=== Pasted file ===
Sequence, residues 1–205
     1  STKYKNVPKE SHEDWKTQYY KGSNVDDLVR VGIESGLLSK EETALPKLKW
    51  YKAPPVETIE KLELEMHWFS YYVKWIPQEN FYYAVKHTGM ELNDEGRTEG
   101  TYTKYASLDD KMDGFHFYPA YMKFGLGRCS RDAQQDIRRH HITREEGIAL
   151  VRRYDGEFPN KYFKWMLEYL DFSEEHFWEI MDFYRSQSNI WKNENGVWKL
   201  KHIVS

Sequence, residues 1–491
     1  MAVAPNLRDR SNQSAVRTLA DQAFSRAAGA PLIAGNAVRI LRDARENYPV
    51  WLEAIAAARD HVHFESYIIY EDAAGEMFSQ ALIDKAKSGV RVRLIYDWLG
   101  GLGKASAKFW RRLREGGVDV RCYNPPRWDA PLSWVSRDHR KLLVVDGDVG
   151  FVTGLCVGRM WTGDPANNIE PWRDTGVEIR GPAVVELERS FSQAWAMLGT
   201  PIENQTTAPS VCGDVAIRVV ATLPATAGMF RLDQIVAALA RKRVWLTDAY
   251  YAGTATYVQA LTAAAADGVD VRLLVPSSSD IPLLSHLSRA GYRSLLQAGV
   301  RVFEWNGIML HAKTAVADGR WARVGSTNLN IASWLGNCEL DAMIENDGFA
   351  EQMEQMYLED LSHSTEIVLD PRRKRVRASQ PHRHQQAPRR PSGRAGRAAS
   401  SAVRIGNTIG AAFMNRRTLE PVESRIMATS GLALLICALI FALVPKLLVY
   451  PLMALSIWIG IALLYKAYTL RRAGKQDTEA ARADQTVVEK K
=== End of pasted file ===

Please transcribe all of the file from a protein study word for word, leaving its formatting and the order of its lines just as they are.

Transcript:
Sequence, residues 1–205
     1  STKYKNVPKE SHEDWKTQYY KGSNVDDLVR VGIESGLLSK EETALPKLKW
    51  YKAPPVETIE KLELEMHWFS YYVKWIPQEN FYYAVKHTGM ELNDEGRTEG
   101  TYTKYASLDD KMDGFHFYPA YMKFGLGRCS RDAQQDIRRH HITREEGIAL
   151  VRRYDGEFPN KYFKWMLEYL DFSEEHFWEI MDFYRSQSNI WKNENGVWKL
   201  KHIVS

Sequence, residues 1–491
     1  MAVAPNLRDR SNQSAVRTLA DQAFSRAAGA PLIAGNAVRI LRDARENYPV
    51  WLEAIAAARD HVHFESYIIY EDAAGEMFSQ ALIDKAKSGV RVRLIYDWLG
   101  GLGKASAKFW RRLREGGVDV RCYNPPRWDA PLSWVSRDHR KLLVVDGDVG
   151  FVTGLCVGRM WTGDPANNIE PWRDTGVEIR GPAVVELERS FSQAWAMLGT
   201  PIENQTTAPS VCGDVAIRVV ATLPATAGMF RLDQIVAALA RKRVWLTDAY
   251  YAGTATYVQA LTAAAADGVD VRLLVPSSSD IPLLSHLSRA GYRSLLQAGV
   301  RVFEWNGIML HAKTAVADGR WARVGSTNLN IASWLGNCEL DAMIENDGFA
   351  EQMEQMYLED LSHSTEIVLD PRRKRVRASQ PHRHQQAPRR PSGRAGRAAS
   401  SAVRIGNTIG AAFMNRRTLE PVESRIMATS GLALLICALI FALVPKLLVY
   451  PLMALSIWIG IALLYKAYTL RRAGKQDTEA ARADQTVVEK K